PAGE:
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Jonathan Tobin: Defending the Right to a Jewish State

Heather Hale: Compliment your kids without giving them big heads

Megan Shauri: 10 ways you are ruining your own happiness

Carolyn Bigda: 8 Best Dividend Stocks for 2015

Kiplinger's Personal Finance editors: 7 Things You Didn't Know About Paying Off Student Loans

Samantha Olson: The Crucial Mistake 55% Of Parents Are Making At Their Baby's Bedtime

Densie Well, Ph.D., R.D. Open your eyes to yellow vegetables

The Kosher Gourmet by Megan Gordon With its colorful cache of purples and oranges and reds, COLLARD GREEN SLAW is a marvelous mood booster --- not to mention just downright delish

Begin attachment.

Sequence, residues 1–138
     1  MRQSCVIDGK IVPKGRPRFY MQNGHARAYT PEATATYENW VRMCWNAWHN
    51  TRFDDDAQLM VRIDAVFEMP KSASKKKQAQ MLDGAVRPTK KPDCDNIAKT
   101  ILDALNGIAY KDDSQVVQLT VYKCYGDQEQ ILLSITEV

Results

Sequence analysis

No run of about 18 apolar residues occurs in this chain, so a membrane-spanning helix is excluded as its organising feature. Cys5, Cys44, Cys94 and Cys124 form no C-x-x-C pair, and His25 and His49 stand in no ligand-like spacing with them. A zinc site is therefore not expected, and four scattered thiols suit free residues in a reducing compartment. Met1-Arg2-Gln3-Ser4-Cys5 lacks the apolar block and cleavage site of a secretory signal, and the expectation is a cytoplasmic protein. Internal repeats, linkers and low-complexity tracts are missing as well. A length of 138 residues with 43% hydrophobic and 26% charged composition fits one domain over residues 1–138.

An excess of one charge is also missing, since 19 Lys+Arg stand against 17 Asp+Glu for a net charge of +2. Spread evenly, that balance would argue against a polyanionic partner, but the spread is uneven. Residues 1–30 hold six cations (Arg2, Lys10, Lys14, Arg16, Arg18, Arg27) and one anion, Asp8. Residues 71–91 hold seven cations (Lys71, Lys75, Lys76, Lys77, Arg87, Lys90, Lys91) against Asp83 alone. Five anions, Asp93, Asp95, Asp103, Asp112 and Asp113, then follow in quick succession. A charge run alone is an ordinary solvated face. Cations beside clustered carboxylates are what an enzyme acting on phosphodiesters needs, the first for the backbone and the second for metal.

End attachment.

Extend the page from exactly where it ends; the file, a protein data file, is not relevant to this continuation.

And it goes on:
April 18, 2014

Rabbi Yonason Goldson: Clarifying one of the greatest philosophical conundrums in theology

Caroline B. Glick: The disappearance of US will

Megan Wallgren: 10 things I've learned from my teenagers

Lizette Borreli: Green Tea Boosts Brain Power, May Help Treat Dementia

John Ericson: Trying hard to be 'positive' but never succeeding? Blame Your Brain

The Kosher Gourmet by Julie Rothman Almondy, flourless torta del re (Italian king's cake), has royal roots, is simple to make, . . . but devour it because it's simply delicious

April 14, 2014

Rabbi Dr Naftali Brawer: Passover frees us from the tyranny of time

Greg Crosby: Passing Over Religion

Eric Schulzke: First degree: How America really recovered from a murder epidemic

Georgia Lee: When love is not enough: Teaching your kids about the realities of adult relationships

Cameron Huddleston: Freebies for Your Lawn and Garden

Gordon Pape: How you can tell if your financial adviser is setting you up for potential ruin

Dana Dovey: Up to 500,000 people die each year from hepatitis C-related liver disease. New Treatment Has Over 90% Success Rate